Do not mix alcohol with medicines

  • Deborah Condon

Many people consume more alcohol than usual during the festive period, so pharmacists are reminding people of the dangers of mixing alcohol with medicines.

They warned that consuming alcohol while taking medicines, even in small amounts, can have ‘unpredictable effects'. In many cases, a medicine may be rendered less effective or the side-effects can become worse.

Pharmacists also reminded people that some medicines can make people drowsy or lightheaded, and can affect concentration and the ability to operate machinery, including driving a car.

"Consuming alcohol at the same time as using these medicines can lead to risks to personal safety, including serious or even fatal accidents on the roads or at work," the Irish Pharmacy Union (IPU) said.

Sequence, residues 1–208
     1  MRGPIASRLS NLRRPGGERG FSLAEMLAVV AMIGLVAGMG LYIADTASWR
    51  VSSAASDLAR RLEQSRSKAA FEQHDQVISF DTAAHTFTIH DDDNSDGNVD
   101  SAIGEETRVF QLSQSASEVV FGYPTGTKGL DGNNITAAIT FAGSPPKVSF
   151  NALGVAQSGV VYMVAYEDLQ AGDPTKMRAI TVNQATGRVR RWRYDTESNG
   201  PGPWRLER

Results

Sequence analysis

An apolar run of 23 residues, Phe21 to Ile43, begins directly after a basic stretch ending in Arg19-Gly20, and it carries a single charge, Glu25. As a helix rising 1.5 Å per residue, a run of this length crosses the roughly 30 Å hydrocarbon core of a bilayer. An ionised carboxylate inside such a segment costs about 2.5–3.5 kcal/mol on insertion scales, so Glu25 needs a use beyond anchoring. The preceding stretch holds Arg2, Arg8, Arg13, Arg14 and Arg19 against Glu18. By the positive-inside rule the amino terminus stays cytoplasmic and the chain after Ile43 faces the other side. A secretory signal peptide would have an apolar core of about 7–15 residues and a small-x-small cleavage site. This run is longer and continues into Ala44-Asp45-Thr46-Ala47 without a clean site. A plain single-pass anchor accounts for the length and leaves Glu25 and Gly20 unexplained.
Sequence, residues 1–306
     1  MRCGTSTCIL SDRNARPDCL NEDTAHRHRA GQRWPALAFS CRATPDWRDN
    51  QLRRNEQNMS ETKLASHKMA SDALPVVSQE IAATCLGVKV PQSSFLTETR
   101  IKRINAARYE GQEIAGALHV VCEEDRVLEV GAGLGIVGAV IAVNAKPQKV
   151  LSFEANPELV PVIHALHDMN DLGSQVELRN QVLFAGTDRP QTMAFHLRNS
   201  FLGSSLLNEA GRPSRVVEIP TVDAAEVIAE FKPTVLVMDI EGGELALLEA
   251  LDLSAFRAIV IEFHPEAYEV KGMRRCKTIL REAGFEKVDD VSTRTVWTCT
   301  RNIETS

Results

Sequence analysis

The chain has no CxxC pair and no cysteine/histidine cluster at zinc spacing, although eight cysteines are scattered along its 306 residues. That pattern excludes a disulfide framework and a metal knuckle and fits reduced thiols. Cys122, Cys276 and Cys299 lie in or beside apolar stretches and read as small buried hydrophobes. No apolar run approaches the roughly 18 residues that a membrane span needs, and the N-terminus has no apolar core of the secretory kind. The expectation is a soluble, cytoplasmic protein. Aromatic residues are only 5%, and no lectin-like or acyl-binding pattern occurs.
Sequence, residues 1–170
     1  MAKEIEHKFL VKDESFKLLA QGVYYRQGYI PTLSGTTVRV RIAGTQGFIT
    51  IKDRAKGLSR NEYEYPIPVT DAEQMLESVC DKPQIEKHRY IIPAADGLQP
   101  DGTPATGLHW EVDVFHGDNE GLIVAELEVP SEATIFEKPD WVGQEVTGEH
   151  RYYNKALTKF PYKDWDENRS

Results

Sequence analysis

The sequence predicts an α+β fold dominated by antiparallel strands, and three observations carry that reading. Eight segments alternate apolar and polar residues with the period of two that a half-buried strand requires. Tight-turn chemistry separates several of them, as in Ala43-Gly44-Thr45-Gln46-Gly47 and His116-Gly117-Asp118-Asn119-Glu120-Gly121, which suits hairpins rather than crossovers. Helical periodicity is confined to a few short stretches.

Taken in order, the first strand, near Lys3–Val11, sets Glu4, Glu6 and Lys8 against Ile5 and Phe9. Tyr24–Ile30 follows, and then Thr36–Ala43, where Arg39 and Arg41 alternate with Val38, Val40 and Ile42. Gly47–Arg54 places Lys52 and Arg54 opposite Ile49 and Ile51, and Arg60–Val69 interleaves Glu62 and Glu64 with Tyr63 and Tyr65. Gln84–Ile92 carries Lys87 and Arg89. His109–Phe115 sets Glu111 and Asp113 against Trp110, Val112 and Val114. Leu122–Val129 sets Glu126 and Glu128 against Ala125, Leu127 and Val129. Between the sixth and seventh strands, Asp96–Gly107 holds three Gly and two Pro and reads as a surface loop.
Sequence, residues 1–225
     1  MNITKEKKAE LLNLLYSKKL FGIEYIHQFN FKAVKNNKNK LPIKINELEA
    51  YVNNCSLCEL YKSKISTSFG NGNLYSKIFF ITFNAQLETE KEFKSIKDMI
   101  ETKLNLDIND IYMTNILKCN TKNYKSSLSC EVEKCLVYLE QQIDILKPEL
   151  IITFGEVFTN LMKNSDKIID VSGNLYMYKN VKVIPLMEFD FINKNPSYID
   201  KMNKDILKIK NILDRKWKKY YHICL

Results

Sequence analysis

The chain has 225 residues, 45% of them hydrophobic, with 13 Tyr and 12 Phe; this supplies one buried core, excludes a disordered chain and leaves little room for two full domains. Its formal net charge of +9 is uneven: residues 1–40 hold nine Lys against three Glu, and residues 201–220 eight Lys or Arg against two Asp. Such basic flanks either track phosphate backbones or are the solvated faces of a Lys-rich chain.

It also emphasised that it is not just prescription medicine that people should be concerned about. A number of over-the-counter medications can also interact negatively with alcohol, including antihistimines, cold remedies and pain relievers.

"Many cold and allergy medications, over-the-counter painkillers and vitamins can come in a time-release form. It is important for patients to understand that alcohol dissolves the coating and the full dose of medication is released immediately instead of over a longer period of time as intended. Alcohol can also make some medications less effective," warned IPU vice-president, Kathy Maher.

People are advised to ask their pharmacist's advice before drinking alcohol with any medication.

 


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